If terrorists want to strike at the heart of America, they will strike at its children.
I made that comment before and after the 9/11 attacks on United States. This past weekend’s ISIS attacks in Paris, France, are a tragic reminder that this comment still applies now, if not more than ever, here in America today.
A historical glance back at discussions on schools and terrorism
Domestic terrorism was touched up from my perspective when I mentioned it in a discussion of bombs and bomb threats in my first book in 1998. I revisited it again in a subchapter in my 2000 book with reflections on international and domestic terrorism attacks. In my latest book on Proactive School Security and Emergency Preparedness Planning, I dedicated a chapter to school terrorism preparedness.
Following 9/11, a couple of my colleagues and I took some hits from naysayers and fence riders who dared not to broach the issue of U.S. schools being terror targets. But after the 2004 terrorist attack on a school in Beslan, Russia, the U.S. Department of Education sent out a letter to educators addressing school preparedness in light of the Beslan attack, and a few presenters on school safety stepped up to more openly acknowledge this threat. In 2003, my colleague Chuck Hibbert and I participated in a National Strategy Forum (NSF) two-day workshop of experts that culminated in recommendations published on Schools: Prudent Preparation for a Catastrophic Terrorism Incident.
Sadly, our federal officials and others failed to meaningfully build upon the 2004 Department of Education letter and the NSF forum recommendations and other measures, and the conversation and action on schools as terrorist targets largely ceased at that point. To their credit, Congress and the Clinton Administration created and funded what eventually became known as the Readiness and Emergency Management for Schools (REMS) school emergency planning grant program, which brought about many successful projects and lessons learned that were shared with schools and their first responders nationwide. Unfortunately, this program was destroyed when the Obama Administration and Congress eliminated it from the federal budget shortly after President Obama took office, and to date it has not been restored in its original form where grant resources for this specific purpose are directly made available to schools.
In 2007, I was invited to testify before Congress when the House Homeland Security Committee when they held a full committee hearing on school readiness and emergency preparedness planning. A major thrust of my recommendations focused upon the need for our public officials to acknowledge the threat of terrorism to our nation’s schools and school buses. I submitted six key recommendations to restore and strengthen cut school emergency preparedness funding, and to strengthen interagency coordination on school readiness and emergency preparedness planning.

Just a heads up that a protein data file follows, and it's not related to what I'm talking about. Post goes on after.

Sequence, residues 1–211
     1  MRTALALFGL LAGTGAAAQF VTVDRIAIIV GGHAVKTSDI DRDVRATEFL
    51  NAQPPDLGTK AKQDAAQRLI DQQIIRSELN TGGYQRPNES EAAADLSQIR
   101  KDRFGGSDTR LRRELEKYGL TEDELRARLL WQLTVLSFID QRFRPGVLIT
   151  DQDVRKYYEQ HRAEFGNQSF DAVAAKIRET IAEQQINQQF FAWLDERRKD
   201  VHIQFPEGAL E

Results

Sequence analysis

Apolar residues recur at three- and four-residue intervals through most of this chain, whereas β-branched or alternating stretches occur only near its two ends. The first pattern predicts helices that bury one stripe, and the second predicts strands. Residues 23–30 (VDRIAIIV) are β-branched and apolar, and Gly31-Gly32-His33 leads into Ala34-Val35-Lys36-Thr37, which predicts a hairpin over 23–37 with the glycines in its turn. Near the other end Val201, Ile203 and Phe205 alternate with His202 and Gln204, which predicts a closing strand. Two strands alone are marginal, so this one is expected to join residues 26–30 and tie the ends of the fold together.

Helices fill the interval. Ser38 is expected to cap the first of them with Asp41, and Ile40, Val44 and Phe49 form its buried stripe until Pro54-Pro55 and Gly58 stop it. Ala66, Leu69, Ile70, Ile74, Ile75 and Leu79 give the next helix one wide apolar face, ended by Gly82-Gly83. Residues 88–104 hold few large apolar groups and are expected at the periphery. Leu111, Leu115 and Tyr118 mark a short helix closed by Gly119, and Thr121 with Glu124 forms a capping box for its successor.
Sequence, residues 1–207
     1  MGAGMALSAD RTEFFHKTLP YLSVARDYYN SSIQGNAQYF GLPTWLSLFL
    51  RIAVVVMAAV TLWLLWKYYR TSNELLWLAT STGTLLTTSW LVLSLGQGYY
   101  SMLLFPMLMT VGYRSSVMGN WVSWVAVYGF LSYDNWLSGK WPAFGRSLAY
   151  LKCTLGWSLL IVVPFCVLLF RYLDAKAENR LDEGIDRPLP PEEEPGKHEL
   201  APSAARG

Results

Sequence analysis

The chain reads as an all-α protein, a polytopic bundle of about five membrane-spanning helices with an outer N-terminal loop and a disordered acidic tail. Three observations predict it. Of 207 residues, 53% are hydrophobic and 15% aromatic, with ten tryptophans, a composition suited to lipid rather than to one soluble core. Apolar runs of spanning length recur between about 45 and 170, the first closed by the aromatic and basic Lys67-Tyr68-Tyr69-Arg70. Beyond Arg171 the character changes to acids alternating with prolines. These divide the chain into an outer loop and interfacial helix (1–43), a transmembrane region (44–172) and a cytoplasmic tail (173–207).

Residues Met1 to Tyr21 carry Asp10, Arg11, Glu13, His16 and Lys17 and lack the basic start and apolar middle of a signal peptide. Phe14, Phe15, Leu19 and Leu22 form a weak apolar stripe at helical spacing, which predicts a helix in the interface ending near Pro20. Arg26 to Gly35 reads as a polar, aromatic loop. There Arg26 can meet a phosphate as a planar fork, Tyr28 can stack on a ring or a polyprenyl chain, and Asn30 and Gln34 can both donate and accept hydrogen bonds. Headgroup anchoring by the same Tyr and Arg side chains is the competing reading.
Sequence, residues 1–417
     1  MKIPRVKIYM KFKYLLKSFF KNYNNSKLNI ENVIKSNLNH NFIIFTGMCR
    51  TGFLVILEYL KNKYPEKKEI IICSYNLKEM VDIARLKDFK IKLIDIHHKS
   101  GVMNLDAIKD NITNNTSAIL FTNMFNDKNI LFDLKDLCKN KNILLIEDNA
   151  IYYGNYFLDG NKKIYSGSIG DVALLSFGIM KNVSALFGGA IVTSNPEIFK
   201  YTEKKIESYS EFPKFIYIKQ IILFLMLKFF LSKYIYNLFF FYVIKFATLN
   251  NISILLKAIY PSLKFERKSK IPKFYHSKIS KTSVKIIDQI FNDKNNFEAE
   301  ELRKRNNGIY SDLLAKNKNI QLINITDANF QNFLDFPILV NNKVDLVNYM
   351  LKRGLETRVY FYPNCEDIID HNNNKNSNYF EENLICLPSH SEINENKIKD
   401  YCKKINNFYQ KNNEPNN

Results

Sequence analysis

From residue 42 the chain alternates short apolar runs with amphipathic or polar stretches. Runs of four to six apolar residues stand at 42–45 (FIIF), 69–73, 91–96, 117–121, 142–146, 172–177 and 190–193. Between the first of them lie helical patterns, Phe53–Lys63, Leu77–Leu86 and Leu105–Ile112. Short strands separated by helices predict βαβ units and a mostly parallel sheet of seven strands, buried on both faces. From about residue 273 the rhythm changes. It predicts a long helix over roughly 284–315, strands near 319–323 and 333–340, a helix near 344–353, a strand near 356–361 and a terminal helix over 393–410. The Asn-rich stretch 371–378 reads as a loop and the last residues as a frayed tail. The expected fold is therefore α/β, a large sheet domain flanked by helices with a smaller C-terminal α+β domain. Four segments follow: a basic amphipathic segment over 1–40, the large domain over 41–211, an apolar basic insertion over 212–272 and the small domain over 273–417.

Now eight years later since that 2007 Congressional hearing, myself and others are still waiting for the REMS program to be restored following its elimination, and for meaningful discussions to be held on schools as targets for terrorists.
Revisiting U.S. schools as potential terrorist targets
The ISIS attacks in Paris this past weekend are a chilling reminder of our vulnerability here in the United States. Undoubtedly, we are better prepared with improved homeland security measures in our airports and other facilities than we were pre-9/11. But to a large extent, American schools remain soft targets and vulnerable to a terrorist attack due to the decline in momentum and resources that were generated after the 1999 Columbine attack and the 9/11 attack on our nation.
It is time for Congress and the Obama Administration, and the next incoming presidential administration as well, to focus discussions, planning, programs and funding on school emergency preparedness. Hold some hearings in Congress to get expert input on schools and school buses as potential terrorist targets. Get the Education, Homeland Security and Justice departments to focus policy specifically on schools and school buses as potential targets of terrorism.
Then act: Do something beyond talking about it. Restore the REMS grant program and funding to get resources back in the hands of local schools. Keep the conversation moving down to the local level to get our new generation of school administrators and crisis teams thinking and better prepared on school emergency readiness.
Strengthening school security and emergency preparedness during times of heightened terrorism threats
Superintendents, principals, school boards and their first responders can take a lead in strengthening their school security and emergency preparedness during times of heightened terrorist threats. Many practical steps for heightened school security and emergency preparedness have long been outlined on our dedicated web site page on School Terrorism Preparedness. I encourage you to spend some time visiting that site.
Then encourage your education associations and legislators to restore school emergency preparedness planning programs and funding to help schools better prepare for a terrorist attack. Let’s not wait for six suicide bombers to walk into random schools across the United States. The threat to our nation and to our schools is real. And right now, we could and should be doing more in a balanced, rational and comprehensive way.
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